The Industrial Bank of Korea (IBK) is on course to overtake Woori Financial Group in market capitalization, as the latter’s weak earnings outlook continues to weaken investor sentiment.
This is a major twist from about half a year earlier when the nation’s fourth-largest financial holding firm was close to attaining a symbolic market cap of 10 trillion won ($7.55 billion). While Woori reports disappointing earnings results in the first half, the IBK has gradually recovered its stock performance on robust profit growth.
Woori generated a net profit of 1.53 trillion won between January and June, down 12.6 percent from a year ago, but the IBK succeeded in achieving a surprising net profit growth of 19 percent on solid revenues from corporate lending business.
Unfortunately, Woori’s struggle is widely forecast to continue until the end of this year at a crucial time when the company has to diversify its revenue streams for more stable earnings growth.
Yim Jong-ryong, head of the group, pledged to go all-out to do so by acquiring securities and insurance firms after taking office in March. But the much-touted plan shows little sign of progress, further shedding a dim light on its potential earnings recovery. Yim has not bought the company shares since taking leadership. This is in stark contrast to his predecessor Son Tae-seung who obtained more than 83,000 Woori shares over 16 separate occasions by the time he retired early this year.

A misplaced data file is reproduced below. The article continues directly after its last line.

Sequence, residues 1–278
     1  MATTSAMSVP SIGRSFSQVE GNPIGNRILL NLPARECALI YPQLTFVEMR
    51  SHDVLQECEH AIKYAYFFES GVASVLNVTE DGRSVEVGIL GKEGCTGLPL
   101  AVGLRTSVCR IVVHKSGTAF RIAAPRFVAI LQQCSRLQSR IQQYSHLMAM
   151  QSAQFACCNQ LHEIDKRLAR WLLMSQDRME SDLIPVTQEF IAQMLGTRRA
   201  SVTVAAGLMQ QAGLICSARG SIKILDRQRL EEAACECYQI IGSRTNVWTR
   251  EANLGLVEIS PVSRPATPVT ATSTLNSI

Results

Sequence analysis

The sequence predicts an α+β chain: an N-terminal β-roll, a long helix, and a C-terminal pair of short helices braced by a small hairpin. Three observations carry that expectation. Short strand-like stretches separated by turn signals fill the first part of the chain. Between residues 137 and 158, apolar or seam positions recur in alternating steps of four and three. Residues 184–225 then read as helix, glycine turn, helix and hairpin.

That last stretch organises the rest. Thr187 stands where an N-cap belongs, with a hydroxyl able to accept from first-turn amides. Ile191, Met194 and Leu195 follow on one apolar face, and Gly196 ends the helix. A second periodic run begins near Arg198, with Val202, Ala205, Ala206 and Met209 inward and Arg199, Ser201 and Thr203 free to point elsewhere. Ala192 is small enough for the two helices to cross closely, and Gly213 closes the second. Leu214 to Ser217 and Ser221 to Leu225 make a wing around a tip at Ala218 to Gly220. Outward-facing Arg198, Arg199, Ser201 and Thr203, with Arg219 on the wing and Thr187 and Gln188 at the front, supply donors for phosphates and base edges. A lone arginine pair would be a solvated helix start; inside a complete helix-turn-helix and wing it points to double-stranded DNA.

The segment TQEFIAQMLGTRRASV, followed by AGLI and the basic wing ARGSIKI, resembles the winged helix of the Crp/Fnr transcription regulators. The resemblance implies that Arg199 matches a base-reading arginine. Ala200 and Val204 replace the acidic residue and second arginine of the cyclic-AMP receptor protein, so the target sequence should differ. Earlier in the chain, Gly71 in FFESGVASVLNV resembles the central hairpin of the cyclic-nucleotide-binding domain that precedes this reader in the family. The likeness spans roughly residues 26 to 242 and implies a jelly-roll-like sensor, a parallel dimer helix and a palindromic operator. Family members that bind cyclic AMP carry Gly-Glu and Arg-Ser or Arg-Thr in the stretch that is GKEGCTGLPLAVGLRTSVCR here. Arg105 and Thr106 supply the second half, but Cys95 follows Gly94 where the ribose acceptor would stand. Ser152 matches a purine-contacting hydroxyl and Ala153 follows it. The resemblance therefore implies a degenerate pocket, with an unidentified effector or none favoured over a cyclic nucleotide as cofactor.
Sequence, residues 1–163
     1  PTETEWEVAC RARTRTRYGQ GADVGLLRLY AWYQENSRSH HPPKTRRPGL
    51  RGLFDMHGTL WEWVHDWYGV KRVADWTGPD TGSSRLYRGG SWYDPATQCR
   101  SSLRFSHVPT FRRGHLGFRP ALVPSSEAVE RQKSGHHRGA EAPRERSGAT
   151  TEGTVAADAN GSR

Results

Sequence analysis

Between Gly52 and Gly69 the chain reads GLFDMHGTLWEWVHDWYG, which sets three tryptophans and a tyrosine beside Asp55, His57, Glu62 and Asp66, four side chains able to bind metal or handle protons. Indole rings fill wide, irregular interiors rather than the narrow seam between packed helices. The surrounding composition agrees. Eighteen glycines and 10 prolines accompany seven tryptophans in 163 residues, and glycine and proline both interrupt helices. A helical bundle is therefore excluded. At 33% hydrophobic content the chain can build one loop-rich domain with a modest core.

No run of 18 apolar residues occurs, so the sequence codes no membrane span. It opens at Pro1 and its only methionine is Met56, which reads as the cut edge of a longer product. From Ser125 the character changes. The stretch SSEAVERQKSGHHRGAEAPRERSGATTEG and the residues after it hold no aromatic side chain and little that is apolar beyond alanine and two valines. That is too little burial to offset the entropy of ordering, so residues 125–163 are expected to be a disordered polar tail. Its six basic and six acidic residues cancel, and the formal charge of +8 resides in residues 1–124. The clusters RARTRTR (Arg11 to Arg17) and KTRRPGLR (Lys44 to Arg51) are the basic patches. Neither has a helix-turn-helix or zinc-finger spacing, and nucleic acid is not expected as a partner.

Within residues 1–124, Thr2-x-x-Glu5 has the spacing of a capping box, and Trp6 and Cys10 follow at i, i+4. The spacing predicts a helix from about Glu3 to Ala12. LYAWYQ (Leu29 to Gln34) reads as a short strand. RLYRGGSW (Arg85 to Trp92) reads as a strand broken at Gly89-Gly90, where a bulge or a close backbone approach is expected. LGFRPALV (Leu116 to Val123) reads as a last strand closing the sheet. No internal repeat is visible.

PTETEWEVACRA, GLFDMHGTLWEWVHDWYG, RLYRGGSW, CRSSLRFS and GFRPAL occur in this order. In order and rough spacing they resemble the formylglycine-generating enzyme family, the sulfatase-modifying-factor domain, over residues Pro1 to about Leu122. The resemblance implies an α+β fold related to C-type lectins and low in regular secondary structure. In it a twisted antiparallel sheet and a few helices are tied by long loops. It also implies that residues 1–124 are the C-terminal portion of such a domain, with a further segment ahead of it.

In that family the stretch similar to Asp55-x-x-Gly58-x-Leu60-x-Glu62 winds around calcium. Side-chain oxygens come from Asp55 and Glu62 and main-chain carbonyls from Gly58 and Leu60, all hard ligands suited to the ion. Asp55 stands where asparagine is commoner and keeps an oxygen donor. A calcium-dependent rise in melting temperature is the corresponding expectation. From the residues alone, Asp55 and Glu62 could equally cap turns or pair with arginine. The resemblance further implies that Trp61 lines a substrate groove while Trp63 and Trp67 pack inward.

In comparison, the state-run lender is bolstering its presence in the financial circle. It widened its market share in the lending market for small- and medium-sized enterprises (SMEs) in the first half. The figure set a record high of 23.4 percent.
Brokerage houses expected Woori to extend its lukewarm stock performance, as the company is unlikely to carry out strong shareholder return policies in the latter half due to the weak earnings.
A report released by Yuanta Securities forecasts Woori Financial Group to chalk up an annual net profit of 2.64 trillion won in 2023, down 15.8 percent from the previous year, as the holding firm and its subsidiaries do not have any clear momentum for business rebound to offset the earnings fall in the latter half.
“Woori’s weaker-than-expected earnings performance was attributable to its preemptive compounding of bad debt allowances worth 263 billion won and another 54-billion-won bad debt allowance set to compensate for losses that incurred from its Hong Kong real estate fund investment,” Jeong Tae-joon, an analyst at the securities firm, said.
Woori’s stock price hit this year’s high of 13,500 won per share in January but has since fallen to a range of around 11,500 won. IBK fell to this year’s low of 9,390 won in January and recovered to around 10,500 won as of Wednesday.
Source: The Korea Times